The Next Battle in the Newspaper Wars

The specter of a newspaper strike looms in St. Paul --but no matter what happens, the Pioneer Press will never be the same

"I think they want to tame the union," posits columnist Nick Coleman. "They want to scratch us behind the ears until we roll over and show them our bellies."

Bernie Hesse is more blunt: "The best-case scenario is that the company is playing chicken, seeing who will blink first or how much they can jam up the union's ass." The worst-case scenario, for which Hesse says people at the Pi-Press are starting to prepare themselves, is that Knight Ridder will not budge another inch at the negotiating table, no matter what.

The Newspaper Guild is the largest union at the Pi-Press, representing 449 employees in the newsroom and other departments, including advertising and circulation. The fact that management continues to insist on anti-sympathy strike language in the Guild contract is generally taken as a sign of the KR strategy. As Guild member Lynda Hanner says bluntly, "it looks like they want to pick off some of the smaller unions."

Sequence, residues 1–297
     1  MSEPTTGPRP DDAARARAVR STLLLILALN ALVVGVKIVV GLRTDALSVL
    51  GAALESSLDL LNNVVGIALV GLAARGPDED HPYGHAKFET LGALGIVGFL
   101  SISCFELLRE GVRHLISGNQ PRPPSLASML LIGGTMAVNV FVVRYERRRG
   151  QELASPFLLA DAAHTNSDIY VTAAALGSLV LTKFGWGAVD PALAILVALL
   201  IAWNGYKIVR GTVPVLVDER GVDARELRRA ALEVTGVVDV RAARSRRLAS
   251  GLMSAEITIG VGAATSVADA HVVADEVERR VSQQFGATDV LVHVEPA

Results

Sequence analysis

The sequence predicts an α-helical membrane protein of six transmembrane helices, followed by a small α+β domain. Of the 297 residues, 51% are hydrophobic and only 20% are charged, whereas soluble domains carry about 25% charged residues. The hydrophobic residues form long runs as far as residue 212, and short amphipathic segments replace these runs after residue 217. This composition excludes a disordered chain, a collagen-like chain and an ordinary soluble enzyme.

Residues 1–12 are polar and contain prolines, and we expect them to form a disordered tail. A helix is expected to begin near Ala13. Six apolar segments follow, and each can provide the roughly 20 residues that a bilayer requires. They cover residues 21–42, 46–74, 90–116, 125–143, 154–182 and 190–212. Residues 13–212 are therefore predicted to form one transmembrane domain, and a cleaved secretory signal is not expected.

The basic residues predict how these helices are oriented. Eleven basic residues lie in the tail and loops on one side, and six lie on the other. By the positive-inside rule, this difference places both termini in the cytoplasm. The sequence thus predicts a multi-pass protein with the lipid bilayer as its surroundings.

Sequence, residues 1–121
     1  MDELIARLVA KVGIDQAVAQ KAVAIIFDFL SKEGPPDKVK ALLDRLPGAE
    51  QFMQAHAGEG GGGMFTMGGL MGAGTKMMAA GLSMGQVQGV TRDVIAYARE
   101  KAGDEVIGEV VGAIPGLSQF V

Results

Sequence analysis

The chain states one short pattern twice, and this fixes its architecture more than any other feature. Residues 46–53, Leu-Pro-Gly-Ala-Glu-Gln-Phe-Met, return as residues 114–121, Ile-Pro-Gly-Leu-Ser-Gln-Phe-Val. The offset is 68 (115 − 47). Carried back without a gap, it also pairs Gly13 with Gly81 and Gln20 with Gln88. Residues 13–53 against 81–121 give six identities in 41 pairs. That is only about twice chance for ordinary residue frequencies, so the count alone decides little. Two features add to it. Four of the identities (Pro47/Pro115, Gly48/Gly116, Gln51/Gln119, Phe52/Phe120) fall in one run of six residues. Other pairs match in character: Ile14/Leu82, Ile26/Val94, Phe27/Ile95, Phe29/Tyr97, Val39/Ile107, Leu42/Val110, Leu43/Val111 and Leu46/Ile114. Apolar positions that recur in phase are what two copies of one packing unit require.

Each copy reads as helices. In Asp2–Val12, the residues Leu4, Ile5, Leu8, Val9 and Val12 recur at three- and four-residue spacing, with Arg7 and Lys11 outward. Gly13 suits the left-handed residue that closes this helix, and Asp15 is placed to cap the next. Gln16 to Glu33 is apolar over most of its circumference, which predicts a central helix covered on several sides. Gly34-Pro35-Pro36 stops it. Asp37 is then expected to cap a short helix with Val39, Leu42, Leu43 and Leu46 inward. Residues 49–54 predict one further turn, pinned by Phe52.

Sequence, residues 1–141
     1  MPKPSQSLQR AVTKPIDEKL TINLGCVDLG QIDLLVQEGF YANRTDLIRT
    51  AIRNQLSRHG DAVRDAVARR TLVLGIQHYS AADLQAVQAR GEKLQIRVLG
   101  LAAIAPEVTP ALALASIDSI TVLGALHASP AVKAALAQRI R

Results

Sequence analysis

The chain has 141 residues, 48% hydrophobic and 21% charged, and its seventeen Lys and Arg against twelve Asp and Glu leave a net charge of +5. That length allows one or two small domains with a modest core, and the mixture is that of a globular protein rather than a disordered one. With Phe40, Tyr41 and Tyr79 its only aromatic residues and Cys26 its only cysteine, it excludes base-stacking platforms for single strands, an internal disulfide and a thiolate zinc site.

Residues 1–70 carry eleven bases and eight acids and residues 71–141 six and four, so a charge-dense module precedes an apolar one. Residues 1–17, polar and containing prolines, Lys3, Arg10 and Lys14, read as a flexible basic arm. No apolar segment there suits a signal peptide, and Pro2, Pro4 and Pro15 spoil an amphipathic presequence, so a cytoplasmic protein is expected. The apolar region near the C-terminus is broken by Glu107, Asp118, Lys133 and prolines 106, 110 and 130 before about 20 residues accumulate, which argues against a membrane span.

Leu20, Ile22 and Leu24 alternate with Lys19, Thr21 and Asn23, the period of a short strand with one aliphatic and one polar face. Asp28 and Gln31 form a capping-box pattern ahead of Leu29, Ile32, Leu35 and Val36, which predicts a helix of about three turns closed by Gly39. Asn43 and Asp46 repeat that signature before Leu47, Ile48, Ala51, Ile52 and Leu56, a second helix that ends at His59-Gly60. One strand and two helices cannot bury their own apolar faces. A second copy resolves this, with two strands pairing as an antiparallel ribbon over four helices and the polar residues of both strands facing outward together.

Kirk Anderson

Rachleff, Hesse, and others believe that KR may be trying to save money in this soft economy by going after unskilled labor at their newspapers, such as delivery drivers and the people who stuff newspapers with advertisements. Those jobs are unionized in St. Paul, and it would be much easier to tame those blue-collar workers with the Guild on a leash. "About 10 years ago, I was working with the pressmen at the paper, who were being pressured to give up their picket-line language," the professor says. "They succeeded in retaining it at the time. At a conceptual level, though, this is an idea that has been in Knight Ridder's head for a long time."

Take this theory one step further, and it is not hard to imagine that just as KR believes weakening the Guild in St. Paul could help bring other union locals to heel, they might be willing to risk a newspaper strike to send a message to unions at bigger KR papers such as the Kansas City Star and Philadelphia Inquirer: The company is still willing to play hardball, Detroit-style.

"It looks to me like Knight Ridder has run the numbers and decided that the only long-term option to keep profits high is a nonunion workforce. And I get the feeling they will try to make that point in a smaller market where it's a lot cheaper to absorb the losses that might result from pressing that point," one high-ranking executive from another large newspaper chain concluded. "I think the Pioneer Press is being made an example of. I think it could get ugly."

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